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Many expect that more stringent rules will be placed on the NSA

U.S. President Barack Obama is expected to discuss the changes planned for the National Security Agency's (NSA) surveillance programs this week. 

According to The Washington Post, Obama will announce the changes Friday, January 17. Many expect that more stringent rules will be placed on the NSA, more clearly spelling out what it can and cannot do. 

Back in December 2013, a presidential review panel made 46 recommendations regarding greater restraint on the NSA's surveillance programs, which will have to be accepted by President Barack Obama and U.S. Congress before being put into practice. The recommendations were submitted that same month. 
 
One of the major recommendations involves the elimination of bulk collection of phone call records (known as "metadata"). The NSA said it collected metadata in bulk and filtered through it afterward in an attempt to make connections when searching for terrorist threats.

However, the panel said that this method of data collection hasn't proved to be more effective or beneficial than more targeted forms. It further stated that the program has made "modest" contributions at best, and that there's no proof the outcome would have been any different without the metadata bulk collection. 
 
The NSA has defended the bulk collection of metadata, saying it's necessary to keep the country safe. NSA Director Gen. Keith Alexander even said it's the only way the NSA can "connect the dots." 
 
Another big recommendation from the panel was to conduct five tests before Washington decides to spy on foreign leaders: U.S. leaders should determine whether such surveillance is merited by major threats to national security; whether the other nation involved has leaders we should accord a high degree of respect and deference; whether there is reason to believe the foreign leader has been deceitful; whether there are other ways to obtain the information, and weigh the negative consequences if the surveillance were to become public knowledge.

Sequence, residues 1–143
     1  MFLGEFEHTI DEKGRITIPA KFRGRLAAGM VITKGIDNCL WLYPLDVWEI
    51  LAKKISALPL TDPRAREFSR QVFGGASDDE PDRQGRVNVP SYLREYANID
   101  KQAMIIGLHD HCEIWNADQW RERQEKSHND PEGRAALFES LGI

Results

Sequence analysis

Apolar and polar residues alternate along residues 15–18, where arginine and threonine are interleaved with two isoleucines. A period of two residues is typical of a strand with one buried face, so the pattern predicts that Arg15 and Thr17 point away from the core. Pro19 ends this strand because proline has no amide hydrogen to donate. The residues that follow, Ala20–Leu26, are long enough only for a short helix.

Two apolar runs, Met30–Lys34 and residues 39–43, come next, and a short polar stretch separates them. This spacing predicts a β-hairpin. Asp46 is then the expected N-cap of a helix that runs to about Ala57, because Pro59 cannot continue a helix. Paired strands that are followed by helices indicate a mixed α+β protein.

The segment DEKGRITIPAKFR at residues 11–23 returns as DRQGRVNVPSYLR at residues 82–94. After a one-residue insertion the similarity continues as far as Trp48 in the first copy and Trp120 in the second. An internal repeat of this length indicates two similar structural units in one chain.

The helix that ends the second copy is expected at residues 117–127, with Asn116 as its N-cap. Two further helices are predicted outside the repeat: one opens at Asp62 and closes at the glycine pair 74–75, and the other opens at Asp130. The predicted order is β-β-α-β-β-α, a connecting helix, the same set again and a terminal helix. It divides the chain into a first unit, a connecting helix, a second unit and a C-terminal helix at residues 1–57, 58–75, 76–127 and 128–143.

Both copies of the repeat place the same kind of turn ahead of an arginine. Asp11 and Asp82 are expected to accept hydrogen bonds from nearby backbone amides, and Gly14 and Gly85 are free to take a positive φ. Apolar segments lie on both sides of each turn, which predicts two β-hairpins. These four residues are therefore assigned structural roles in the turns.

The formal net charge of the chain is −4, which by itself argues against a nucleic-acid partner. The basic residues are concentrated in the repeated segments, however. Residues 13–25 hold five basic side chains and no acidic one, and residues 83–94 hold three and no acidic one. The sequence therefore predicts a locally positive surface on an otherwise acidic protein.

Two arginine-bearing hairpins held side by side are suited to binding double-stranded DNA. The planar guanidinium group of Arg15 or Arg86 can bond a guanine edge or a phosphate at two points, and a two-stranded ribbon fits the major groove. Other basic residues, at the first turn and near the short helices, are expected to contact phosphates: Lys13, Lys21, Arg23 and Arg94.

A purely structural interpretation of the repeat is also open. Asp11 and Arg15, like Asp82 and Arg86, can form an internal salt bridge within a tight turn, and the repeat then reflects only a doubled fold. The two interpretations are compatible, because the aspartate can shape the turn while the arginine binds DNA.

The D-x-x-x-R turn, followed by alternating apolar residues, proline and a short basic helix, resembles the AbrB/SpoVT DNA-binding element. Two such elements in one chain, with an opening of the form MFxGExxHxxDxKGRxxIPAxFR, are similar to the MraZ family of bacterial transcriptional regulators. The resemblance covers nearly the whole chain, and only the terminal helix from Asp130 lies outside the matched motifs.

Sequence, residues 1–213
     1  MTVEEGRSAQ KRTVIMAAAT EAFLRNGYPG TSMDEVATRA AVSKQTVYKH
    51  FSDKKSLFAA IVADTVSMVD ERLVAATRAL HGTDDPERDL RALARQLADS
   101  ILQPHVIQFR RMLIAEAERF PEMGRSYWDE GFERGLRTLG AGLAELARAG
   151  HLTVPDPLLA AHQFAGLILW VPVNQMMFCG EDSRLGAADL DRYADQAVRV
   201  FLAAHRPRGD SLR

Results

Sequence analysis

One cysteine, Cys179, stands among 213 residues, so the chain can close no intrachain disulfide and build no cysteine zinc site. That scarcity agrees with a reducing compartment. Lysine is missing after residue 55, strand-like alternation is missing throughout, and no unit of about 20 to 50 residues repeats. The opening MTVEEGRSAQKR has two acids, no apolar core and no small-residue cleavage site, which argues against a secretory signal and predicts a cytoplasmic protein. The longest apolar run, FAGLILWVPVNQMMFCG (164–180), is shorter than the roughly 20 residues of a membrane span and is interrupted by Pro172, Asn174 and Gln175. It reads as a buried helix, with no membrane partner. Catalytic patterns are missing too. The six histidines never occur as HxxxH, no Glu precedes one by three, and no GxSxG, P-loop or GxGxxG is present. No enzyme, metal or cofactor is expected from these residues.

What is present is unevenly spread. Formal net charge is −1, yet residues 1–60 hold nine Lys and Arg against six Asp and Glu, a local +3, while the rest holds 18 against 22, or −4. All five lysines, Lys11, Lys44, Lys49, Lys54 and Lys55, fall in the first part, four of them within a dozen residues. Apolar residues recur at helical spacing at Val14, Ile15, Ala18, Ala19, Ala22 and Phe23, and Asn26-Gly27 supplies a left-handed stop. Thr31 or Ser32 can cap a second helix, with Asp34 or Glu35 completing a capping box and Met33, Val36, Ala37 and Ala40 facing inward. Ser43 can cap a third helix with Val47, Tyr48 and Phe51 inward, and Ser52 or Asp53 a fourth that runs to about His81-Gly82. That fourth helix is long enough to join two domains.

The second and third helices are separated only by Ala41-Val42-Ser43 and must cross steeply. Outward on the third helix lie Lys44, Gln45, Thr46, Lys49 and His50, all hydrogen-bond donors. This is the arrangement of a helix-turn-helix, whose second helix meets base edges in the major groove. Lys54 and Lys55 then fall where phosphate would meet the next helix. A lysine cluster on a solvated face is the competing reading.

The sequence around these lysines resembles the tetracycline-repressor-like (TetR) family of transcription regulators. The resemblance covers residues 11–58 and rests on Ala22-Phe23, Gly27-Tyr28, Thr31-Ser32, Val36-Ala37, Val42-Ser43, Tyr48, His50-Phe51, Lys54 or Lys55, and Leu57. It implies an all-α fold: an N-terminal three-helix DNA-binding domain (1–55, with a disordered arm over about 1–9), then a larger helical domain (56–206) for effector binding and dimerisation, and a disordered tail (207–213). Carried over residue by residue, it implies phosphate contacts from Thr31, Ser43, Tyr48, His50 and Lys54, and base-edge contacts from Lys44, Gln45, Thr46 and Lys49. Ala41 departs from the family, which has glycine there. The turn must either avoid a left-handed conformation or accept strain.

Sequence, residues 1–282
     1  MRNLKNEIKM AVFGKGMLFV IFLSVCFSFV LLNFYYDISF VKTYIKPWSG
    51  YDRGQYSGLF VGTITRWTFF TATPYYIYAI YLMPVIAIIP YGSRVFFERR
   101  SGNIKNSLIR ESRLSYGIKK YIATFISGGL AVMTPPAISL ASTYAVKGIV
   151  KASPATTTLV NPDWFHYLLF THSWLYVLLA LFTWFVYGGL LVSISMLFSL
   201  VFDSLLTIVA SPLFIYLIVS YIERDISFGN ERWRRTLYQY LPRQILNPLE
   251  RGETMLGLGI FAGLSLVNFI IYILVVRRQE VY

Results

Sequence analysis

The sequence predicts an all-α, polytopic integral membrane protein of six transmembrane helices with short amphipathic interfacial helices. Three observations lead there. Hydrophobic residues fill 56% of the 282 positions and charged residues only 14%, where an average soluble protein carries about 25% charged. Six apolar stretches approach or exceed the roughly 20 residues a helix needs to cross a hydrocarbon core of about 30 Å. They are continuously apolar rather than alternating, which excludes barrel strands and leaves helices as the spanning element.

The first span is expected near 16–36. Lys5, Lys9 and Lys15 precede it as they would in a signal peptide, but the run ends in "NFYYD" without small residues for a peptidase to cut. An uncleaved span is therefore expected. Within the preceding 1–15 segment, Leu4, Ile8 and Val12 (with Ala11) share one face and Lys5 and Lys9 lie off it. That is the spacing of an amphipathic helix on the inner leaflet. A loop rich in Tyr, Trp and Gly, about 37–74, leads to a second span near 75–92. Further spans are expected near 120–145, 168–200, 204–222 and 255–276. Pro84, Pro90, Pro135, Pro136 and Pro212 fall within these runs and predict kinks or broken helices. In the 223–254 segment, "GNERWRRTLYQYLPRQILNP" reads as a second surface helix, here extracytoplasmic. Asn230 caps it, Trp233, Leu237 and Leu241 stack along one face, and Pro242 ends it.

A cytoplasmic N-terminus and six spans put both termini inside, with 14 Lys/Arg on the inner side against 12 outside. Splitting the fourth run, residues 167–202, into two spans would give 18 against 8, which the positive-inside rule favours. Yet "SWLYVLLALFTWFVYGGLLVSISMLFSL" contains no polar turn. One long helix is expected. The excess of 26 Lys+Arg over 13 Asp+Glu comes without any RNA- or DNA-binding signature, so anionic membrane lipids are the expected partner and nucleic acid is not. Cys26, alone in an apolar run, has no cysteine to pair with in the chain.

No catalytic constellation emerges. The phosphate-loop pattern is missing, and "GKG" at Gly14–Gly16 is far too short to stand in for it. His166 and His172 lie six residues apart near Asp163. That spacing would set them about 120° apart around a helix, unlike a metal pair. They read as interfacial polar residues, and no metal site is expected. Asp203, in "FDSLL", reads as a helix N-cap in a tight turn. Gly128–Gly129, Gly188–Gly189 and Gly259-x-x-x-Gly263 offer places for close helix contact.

President Barack Obama
 
Yet another major recommendation is the limitation of on National Security Letters, which allow certain government agencies demand business records from both individuals and companies without any independent or judicial review. The panel said these letters should only be issued after a judicial review, and gag orders should also be limited.

The NSA has been under the microscope ever since former NSA contractor Edward Snowden leaked details about the NSA's secret spy programs to the media early last year. In August 2013, reports said that the NSA admitted to touching 1.6 percent of total globe Web traffic. Its technique was to filter data after harvesting it, which led to over-collection on a major scale. It was later revealed that Snowden conned between 20 to 25 NSA employees to give him their login credentials and passwords while working at the NSA regional operations center for a month in Hawaii last spring. Snowden reportedly told the NSA employees that he needed their passwords in order to do his job, and after downloading secret NSA documents, he leaked the information to the media.

Snowden told the media last month that his mission is complete after spending the last year leaking secret NSA documents. 
 
“For me, in terms of personal satisfaction, the mission’s already accomplished,” said Snowden. “I already won. As soon as the journalists were able to work, everything that I had been trying to do was validated. Because, remember, I didn’t want to change society. I wanted to give society a chance to determine if it should change itself.

“All I wanted was for the public to be able to have a say in how they are governed. That is a milestone we left a long time ago. Right now, all we are looking at are stretch goals.”

However, the NSA's questioning is just beginning. Earlier this month, the NSA refused to answer a direct question from U.S. Senator Bernard "Bernie" Sanders (D-Verm.) regarding whether the NSA "spies" on Congress. It said it couldn't address the question because of national security. 

Source: The Washington Post





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